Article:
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Drama prepares new material, season

The spotlight beam swings to focus on the actor who leaps onto the stage. He swings his arms wide and opens his mouth to deliver his lines when . . .his mind goes suddenly blank! A drama new season may present challenges, but campus drama members see the future as an extremely promising opportunity.

“Vicky Shaghoian is a professional drama instructor at the Yale Institute of the Arts and is a native of Fresno,” Tom McEntee, drama instructor, said. “She teaches in a studio on 8th Avenue in New York. When we travel to New York this spring, all the students will perform their monologues for her and she will critique them.”

The idea of performing in front of a professional drama teacher and critic can be nerve- racking at best, and many view the meeting with mixed emotions.

“I’m expecting some good criticism from her,” Samantha Grizz, ’07, said. “I won’t be that nervous, I just plan to be myself.”

Newcomers to the drama team will be offered a chance to glean insight into the mind of a professional actress.

“I’ve never experienced this type of performance before,” Samantha Krikorian, ’08, said. “I’m not too sure what to expect, but I don’t think I’ll be that nervous because she’ll help me become a better actress.”

A thick, oppressive silence fills the theater. The audience sits hushed as they wait for the scene to begin. The actor’s palms grow sweaty; his legs begin to tremble as he frantically racks his brain for the fleeting lines. A woman in the back begins to chuckle.

“This season, we are doing the first acts of three plays,” McEntee said. “The first is called The Importance of Being Ernest [starring seniors Chris White and Damon O’Brien], the second, The Doctor in Spite of Himself, and last, The Inspector-General [starring Nic Westburg]. I expect all three of these acts will work out wonderfully to showcase our drama program.”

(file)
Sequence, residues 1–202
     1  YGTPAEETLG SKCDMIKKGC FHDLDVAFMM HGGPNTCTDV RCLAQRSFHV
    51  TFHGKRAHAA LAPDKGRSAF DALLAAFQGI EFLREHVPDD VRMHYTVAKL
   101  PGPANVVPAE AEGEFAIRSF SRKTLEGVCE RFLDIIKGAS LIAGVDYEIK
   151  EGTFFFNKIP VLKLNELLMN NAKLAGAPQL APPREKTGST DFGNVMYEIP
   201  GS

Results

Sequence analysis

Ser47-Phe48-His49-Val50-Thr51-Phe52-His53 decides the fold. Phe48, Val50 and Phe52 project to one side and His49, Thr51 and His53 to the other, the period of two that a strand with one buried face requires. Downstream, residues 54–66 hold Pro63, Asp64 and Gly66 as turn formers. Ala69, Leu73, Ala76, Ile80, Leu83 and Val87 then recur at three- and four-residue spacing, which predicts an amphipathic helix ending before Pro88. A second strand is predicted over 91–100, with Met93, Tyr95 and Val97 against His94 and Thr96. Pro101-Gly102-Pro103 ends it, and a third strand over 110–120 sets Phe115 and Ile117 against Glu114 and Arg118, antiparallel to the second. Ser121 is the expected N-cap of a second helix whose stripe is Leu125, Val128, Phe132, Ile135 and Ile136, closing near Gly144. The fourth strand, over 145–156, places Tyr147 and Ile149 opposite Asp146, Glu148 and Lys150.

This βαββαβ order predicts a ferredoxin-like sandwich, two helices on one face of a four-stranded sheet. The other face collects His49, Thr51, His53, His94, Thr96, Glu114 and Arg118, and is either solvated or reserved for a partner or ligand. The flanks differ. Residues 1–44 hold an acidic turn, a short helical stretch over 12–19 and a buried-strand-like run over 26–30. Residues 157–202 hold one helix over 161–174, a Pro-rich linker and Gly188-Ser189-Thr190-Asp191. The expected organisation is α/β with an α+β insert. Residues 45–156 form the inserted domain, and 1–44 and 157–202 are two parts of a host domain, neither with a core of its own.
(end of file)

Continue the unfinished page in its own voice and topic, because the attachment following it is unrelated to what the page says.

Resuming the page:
McEntee is not the only one who is looking forward to the new monologues and first acts. Sophomore Phillip Unruh believes anything can be a success, given that certain sacrifices are made.

“I believe our success hinges on our sacrifices to the ?drama god’,” Unruh said. “It also depends on whether or not we memorize our lines!”

Krikorian also has a positive attitude toward this season’s performances.

“The students performing in our plays are great actors and actresses,” Krikorian said. “They always do their best, so therefore the plays will be good and well liked.”

A few moments later, the light buzz of whispers is immediately silenced with a shout of, “Friends, Romans, Countrymen! Led me thy ears!” With a confident smile, the young actor finishes his soliloquy with gusto.

“One of the first acts takes place in a pre-revolution Russian village,” McEntee said. “The people of the village are scared out of their wits because the Inspector General is coming to their town. Now one knows why; it’s very dangerous for them.”

Physically, the play will be difficult for the actors to enact. Accents are a definite must and Russian folk dances will also be added to make the performance seem more authentic.

“I think it will be the best thing ever comprehended by man!” Unruh said. “We’ve had a lot of good ideas for the play and hopefully it will be funny. Besides, we’re sure our sacrifices to the drama god have not gone unnoticed.”

However, over dramatized seriousness and suspense usually give way to humorous reactions.

“The Russian play is a comedy,” McEntee said. “Since the inspector is incognito, he could be anyone. The people jump at everything that crosses their path. It will be entertaining to watch.”

The room explodes with whistles and wild applause as the curtain falls and the young actor takes his final bow.

“Drama makes me step out of my box and try new things,” Unruh said. “I can’t wait to see how everything plays out.”

For more information e-mail McEntee at [email protected] or contact the high school office at 299-1695.

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